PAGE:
Loitering in Guwahati

How easy is access to ‘safe’ public spaces for women in a city like Guwahati? Is the concept of safety extremely restrictive for women? Few years back, three Mumbai women — Shilpa Phadke, Sameera Khan and Shilpa Ranade in their book “Why Loiter?: Women and Risk on Mumbai Streets” had unleashed a whole new discourse on women’s presence in public, in seemingly unsafe spaces and at odd hours. By celebrating the radical act of ‘loitering’, these women feel that a truly equal, global city can be created.

Inspired by this book, a few women tried to do the same in Guwahati – “onai bonai ghuri phura”, the Assamese for loitering on Guwahati streets. Senior journalist and author Teresa Rehman, senior journalist Priyanka Borpujari, researcher Samhita Barooah, media educator Jennifer Shaheen Hussain, student Tamara Raza and entrepreneur Nasima Parveen Aman walked around the streets, stopping for a cup of tea, meeting and talking to people. Jennifer says, “There are the occasional glares when I walk alone at late hours but besides that I have always felt secure. However, those glares have led me to carry a blade with me whenever I travel alone. The city looks so different and feels peaceful at night. I think everyone should loiter late night in Guwahati, the Paltan Bazar railway station area and GS road stretch is my favourite. Also, you get to bump into interesting strangers.”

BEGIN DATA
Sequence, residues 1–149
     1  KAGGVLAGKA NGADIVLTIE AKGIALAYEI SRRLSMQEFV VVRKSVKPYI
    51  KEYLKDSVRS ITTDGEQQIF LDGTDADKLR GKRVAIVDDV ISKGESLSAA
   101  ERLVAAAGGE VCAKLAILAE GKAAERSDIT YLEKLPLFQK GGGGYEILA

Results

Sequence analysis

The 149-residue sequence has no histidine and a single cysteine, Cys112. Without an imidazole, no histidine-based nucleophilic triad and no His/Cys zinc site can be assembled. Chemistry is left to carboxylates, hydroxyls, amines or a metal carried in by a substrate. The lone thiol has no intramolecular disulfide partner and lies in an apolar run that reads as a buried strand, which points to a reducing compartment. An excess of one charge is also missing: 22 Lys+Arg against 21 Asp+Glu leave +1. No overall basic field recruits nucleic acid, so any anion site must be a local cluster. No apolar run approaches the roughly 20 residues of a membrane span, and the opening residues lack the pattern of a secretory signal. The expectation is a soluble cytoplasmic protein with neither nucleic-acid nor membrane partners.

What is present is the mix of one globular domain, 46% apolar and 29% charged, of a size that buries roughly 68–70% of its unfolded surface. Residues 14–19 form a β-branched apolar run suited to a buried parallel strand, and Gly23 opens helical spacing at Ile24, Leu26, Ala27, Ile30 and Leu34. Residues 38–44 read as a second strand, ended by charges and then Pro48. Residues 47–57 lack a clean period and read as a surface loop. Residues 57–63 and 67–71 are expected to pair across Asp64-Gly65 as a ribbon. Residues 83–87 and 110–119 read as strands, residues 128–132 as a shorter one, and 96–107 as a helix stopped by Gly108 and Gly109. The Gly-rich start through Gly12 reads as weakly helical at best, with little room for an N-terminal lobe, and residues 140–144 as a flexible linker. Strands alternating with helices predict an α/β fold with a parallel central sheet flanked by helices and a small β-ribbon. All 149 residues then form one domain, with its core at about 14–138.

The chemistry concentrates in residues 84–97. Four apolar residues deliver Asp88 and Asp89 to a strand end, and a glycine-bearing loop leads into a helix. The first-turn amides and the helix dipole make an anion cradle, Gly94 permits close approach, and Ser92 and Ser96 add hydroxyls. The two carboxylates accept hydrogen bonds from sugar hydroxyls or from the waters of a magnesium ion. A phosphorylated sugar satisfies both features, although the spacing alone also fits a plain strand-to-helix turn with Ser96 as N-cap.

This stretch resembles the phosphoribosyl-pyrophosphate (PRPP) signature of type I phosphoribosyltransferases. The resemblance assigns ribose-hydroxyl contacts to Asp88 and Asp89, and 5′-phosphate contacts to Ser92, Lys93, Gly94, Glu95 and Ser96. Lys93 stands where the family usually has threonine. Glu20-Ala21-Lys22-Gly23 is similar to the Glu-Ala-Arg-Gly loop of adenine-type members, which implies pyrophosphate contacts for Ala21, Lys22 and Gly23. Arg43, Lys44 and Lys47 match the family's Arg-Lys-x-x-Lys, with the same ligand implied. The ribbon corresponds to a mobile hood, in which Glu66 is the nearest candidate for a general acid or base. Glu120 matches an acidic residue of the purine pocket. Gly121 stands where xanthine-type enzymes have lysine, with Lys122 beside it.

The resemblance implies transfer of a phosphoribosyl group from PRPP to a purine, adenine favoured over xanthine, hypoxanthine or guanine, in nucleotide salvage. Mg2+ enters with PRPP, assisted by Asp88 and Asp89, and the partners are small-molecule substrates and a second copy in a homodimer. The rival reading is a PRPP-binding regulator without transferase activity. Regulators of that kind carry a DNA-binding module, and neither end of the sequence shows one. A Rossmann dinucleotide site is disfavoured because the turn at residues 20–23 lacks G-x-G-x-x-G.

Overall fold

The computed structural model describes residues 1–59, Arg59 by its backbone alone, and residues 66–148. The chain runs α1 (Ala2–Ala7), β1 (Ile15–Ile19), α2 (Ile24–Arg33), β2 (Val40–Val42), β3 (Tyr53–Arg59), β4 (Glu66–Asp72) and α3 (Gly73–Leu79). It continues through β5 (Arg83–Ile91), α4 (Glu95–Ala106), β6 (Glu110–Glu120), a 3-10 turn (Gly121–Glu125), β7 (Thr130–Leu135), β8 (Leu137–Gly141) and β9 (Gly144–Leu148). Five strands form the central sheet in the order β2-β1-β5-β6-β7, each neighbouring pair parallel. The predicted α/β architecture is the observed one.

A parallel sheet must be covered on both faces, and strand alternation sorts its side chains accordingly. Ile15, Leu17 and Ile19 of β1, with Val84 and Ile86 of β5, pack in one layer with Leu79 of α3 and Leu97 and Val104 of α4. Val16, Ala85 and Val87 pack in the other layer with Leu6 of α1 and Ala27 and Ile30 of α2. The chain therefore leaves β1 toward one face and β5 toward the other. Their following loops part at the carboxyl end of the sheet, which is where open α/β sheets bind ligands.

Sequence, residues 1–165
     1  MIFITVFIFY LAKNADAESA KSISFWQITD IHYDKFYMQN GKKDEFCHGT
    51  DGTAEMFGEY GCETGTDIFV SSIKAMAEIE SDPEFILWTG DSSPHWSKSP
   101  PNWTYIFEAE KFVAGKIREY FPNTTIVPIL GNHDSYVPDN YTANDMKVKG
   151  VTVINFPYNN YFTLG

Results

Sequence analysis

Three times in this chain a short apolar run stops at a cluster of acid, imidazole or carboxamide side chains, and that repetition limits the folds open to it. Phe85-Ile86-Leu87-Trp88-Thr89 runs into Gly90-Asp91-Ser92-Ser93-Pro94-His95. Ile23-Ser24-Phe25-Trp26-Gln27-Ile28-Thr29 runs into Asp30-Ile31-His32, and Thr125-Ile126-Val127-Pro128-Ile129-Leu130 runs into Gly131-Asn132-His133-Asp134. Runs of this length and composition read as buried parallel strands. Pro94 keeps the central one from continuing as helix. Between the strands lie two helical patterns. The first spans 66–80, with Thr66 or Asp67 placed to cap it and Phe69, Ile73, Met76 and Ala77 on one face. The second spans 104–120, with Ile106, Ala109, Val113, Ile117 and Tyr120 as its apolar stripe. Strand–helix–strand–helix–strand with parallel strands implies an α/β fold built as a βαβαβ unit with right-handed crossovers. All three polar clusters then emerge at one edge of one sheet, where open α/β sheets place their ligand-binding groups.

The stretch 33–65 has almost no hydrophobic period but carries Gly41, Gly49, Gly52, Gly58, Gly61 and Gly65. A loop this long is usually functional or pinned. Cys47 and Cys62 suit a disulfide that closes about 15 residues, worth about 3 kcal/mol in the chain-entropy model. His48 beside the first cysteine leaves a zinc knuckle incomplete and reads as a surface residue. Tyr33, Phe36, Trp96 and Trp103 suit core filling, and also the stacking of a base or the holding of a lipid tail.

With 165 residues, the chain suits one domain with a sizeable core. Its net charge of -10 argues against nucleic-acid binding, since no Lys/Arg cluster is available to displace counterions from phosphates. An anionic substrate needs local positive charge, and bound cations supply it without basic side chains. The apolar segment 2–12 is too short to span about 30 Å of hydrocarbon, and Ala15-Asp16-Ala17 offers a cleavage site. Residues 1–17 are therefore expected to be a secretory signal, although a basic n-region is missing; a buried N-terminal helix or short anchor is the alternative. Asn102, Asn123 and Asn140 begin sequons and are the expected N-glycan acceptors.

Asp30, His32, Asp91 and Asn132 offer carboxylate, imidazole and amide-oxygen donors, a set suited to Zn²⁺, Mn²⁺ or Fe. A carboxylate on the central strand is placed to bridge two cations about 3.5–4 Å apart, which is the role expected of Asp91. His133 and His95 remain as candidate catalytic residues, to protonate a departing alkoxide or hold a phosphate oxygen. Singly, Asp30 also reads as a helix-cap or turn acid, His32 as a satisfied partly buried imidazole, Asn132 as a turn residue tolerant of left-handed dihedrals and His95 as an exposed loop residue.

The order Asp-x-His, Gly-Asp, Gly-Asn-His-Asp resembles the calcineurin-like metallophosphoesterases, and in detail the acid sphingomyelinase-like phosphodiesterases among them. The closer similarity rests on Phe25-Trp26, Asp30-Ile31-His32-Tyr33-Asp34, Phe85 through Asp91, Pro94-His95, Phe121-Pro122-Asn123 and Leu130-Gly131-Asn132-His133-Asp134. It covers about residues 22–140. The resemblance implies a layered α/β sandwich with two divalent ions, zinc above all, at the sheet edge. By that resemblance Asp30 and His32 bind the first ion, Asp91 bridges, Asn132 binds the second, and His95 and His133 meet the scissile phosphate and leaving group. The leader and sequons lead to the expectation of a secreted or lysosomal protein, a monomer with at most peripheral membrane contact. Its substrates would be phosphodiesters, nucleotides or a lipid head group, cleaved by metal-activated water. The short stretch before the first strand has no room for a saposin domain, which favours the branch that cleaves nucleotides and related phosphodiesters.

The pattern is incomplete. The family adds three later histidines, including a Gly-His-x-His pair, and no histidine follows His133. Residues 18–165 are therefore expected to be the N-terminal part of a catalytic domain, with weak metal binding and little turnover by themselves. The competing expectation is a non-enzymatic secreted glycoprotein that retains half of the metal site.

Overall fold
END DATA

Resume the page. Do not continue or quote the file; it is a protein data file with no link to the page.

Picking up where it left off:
The Thumb Print presents a photo essay on the night loitering by these women.